I can remember it as if was yesterday. I would walk into my 6th grade history class being very nervous. I had a teacher who basically liked to make me miserable. However, when I walked in and saw a filmstrip projector, my body felt intense joy. Even if the filmstrip didn’t provide entertainment, it was still a break from the usual boring stuff.
My teacher always had a difficult time setting things up and at times, the audio wasn’t in sync with the picture. Some projectors had a tape player installed under the projector, but — most often — one had to use a separate tape player. Sometimes, the projector ran automatically and a tone from the audio made it advance. Other times, one would have to press a button to forward the projector to the next slide. My teacher was often too lazy or used this time to grade papers. She would usually have another student press the button.
As Wikipedia points out, filmstrips often provided a much less expensive alternative to the 16mm projector. There was very little storage space required and it was easy to rewind for the next use.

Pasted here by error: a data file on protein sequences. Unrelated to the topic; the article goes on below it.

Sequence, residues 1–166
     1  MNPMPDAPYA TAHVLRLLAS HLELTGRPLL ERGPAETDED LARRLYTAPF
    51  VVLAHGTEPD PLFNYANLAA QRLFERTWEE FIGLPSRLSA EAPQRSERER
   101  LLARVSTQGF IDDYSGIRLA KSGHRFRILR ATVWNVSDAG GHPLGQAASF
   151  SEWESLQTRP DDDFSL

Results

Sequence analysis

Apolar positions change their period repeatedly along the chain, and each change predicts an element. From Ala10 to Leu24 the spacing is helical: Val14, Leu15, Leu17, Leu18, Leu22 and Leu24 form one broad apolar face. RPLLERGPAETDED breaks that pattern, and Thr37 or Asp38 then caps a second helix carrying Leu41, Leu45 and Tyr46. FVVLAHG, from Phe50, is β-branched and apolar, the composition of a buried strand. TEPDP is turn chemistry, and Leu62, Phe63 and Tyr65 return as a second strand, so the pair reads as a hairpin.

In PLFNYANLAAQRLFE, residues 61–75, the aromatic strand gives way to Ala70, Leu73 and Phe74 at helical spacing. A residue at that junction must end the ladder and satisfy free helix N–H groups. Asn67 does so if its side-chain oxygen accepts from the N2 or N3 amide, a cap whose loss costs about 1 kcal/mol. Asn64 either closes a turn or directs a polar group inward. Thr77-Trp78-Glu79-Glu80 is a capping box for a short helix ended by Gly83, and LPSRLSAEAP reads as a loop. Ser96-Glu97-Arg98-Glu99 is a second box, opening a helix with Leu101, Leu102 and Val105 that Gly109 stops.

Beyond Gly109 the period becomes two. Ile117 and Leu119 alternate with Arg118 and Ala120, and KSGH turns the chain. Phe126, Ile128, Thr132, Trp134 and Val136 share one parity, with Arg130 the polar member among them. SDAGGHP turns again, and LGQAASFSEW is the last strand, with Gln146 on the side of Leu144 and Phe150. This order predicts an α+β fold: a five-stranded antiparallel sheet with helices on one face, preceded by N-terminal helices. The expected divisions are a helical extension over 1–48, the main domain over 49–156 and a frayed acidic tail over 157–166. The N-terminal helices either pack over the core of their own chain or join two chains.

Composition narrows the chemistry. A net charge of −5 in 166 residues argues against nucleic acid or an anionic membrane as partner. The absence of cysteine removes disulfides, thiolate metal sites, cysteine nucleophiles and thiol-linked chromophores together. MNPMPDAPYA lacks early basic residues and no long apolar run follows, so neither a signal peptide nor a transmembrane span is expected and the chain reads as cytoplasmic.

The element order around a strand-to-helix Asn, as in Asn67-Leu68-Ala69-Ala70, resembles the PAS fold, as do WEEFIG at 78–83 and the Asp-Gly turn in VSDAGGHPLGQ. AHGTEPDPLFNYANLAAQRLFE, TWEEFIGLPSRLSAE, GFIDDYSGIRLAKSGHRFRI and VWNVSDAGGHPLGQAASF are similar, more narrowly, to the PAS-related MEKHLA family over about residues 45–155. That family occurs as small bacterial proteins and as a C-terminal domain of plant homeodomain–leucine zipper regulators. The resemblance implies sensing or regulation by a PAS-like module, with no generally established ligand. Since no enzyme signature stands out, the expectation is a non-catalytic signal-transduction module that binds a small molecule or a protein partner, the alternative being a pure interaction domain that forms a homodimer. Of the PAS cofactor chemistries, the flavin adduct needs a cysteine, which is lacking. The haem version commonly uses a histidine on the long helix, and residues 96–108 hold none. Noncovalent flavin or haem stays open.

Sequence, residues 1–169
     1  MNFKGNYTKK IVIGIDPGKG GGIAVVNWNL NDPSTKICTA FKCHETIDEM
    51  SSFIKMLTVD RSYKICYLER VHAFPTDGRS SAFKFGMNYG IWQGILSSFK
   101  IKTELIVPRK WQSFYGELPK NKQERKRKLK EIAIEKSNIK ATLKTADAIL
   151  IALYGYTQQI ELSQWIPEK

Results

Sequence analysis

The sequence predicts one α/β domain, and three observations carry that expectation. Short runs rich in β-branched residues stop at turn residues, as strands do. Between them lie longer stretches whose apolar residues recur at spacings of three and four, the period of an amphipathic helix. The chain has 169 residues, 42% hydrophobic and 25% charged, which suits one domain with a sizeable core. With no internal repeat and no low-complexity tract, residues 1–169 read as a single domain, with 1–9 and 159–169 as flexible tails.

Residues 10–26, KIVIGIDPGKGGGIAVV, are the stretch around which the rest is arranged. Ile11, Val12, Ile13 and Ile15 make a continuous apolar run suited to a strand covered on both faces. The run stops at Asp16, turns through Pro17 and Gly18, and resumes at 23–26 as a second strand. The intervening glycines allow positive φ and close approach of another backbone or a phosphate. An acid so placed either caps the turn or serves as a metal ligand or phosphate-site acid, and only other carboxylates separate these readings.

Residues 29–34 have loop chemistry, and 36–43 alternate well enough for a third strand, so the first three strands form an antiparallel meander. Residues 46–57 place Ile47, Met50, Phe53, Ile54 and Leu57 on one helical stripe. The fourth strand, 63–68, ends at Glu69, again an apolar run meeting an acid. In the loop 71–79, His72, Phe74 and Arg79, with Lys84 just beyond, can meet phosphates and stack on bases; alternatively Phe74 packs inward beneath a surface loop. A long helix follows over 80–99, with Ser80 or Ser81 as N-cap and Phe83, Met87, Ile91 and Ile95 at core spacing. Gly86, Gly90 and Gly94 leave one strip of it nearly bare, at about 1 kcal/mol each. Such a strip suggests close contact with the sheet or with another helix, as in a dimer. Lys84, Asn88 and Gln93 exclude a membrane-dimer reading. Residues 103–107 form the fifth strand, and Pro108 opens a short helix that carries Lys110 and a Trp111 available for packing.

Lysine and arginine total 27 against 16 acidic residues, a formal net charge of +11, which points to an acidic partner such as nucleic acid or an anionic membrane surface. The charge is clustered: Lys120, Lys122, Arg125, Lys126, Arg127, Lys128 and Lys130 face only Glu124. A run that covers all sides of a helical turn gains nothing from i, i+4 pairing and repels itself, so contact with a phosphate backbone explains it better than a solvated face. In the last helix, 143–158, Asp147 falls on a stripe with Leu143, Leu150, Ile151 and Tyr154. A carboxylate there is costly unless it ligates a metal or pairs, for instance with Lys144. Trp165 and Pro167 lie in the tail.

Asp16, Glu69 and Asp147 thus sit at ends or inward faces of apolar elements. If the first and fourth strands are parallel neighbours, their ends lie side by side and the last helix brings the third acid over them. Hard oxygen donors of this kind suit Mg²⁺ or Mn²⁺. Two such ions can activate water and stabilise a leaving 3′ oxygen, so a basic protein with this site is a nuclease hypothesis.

I can’t seem to find information about a particular filmstrip that was played in my fifth grade Science class. It showed the different planets and the voice on the accompanying tape indicated that this was just one solar system; there are an infinite amount of others that we haven’t made contact with. I thought of all the possibilities and that, within ten year, we would be able to travel to another solar system. Unfortunately, it hasn’t happened yet.
The technology revolution of the 1990s changed everything in the classroom. When I became a teacher, we had VHS players and even DVD players attached to a large-screen television set. :When the early 2000s arrived, I would sometimes attach my laptop to the television set and play PowerPoint presentations. Even though the technology was different, the kids enjoyed the alternative to hearing their teacher speak all period just as I did when I was a student.
One can bet that virtual reality headsets will soon become an educational tool to help transport kids to different countries, planets, and even a virtual reality Jurassic Park. Who knows — it’s possible that showing up in a classroom will no longer be required in the near future.